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Psychology - BSc/BSc (Hons)
Our BSc/BSc (Hons) in Psychology will equip you with the transferable skills and analytical abilities that top employers are actively looking.
Why do humans think, feel and behave the way we do? On this course you will find answers to some of the most fundamental and fascinating of questions like these and paves the way for a variety of careers.
The course is student-focused and research-informed. It offers students the opportunity to work closely with staff on current, real-world projects and collaborations.
When you graduate* you will be able to join the British Psychological Society BPS as a graduate member, an essential step on the journey to becoming a professional psychologist.
*with a 2:2 honours degree or higher.
- Professional accreditation/registration: The course is accredited by the British Psychological Society (BPS). Successful completion of this degree (2:2 or above) confers Graduate Basis for Chartered Status (GBC) with the BPS, enabling access to professional training as a Chartered Psychologist (educational, organisational or forensic psychology).
- Stimulating learning environment: We offer a stimulating environment in which students can develop the intellectual and professional edge needed for working with 21st century society.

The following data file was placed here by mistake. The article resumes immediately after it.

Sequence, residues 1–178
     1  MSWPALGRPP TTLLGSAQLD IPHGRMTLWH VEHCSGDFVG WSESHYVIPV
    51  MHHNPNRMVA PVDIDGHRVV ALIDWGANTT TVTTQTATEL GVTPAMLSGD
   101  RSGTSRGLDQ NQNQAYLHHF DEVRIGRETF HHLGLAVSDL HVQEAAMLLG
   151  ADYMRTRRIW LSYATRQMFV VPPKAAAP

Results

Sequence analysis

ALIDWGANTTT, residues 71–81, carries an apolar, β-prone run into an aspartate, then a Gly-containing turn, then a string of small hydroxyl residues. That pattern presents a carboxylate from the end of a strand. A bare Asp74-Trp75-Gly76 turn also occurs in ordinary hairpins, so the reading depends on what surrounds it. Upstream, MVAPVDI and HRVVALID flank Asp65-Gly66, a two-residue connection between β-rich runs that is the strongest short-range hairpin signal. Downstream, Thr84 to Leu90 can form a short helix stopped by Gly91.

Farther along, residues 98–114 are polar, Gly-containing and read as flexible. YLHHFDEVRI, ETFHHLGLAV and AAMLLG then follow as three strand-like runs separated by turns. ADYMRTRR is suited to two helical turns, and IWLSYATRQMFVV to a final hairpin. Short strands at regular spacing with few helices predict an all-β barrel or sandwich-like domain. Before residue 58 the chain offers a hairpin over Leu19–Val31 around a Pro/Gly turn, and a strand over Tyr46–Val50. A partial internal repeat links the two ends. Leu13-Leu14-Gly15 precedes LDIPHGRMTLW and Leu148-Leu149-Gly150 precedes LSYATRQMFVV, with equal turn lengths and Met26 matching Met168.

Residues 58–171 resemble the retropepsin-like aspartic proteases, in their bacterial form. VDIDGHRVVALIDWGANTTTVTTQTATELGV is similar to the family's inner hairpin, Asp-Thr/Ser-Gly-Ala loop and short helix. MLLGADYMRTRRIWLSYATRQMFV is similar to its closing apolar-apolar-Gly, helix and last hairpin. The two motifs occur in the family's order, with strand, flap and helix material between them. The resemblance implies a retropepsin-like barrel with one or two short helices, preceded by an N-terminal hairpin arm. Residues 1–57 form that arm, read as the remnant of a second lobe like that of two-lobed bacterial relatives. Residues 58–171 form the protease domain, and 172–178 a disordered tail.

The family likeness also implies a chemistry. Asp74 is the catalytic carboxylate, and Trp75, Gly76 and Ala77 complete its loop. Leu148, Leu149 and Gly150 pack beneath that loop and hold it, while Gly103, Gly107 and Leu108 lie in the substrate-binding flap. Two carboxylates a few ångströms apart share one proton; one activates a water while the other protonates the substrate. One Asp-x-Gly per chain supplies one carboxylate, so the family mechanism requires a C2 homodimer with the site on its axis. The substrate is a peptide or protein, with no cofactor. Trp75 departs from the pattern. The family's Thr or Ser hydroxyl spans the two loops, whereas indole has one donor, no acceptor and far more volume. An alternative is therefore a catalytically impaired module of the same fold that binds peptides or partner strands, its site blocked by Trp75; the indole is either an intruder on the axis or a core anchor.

- Staff expertise: Our staff work on outward-facing, innovative and cross-disciplinary research.
- Support for students: Our class sizes are smaller compared with some universities, so you have closer and more personal support and guidance from our staff.
Psychology - BSc/BSc (Hons): The course in brief
On this course you will:
- learn the valuable skills needed to think critically and scientifically;
- engage in research activity throughout your degree;
- learn across six core areas of psychology (cognitive, biological, historical, developmental, social and individual differences);
- gain extensive practical training in research methods;
- learn to use scientific methods and evidence to understand psychological experiences. Crucially, learn how to think, write and critique in a scientific way, giving you the core skills you need to follow a career in the field; and
- enhance your broad psychological knowledge by specialising in your choice of dissertation topic and elective modules.
How will I be taught?
You can opt to study for an honours degree over four years or an ordinary degree over three years. You will complete a range of modules each year as outlined.
Teaching, learning and assessment
You will be taught in lectures, seminars, practical workshops and laboratories. Outside these timetabled sessions you will be expected to continue learning through self-study. You will be assessed by essays, case studies or group projects, presentations and written exams.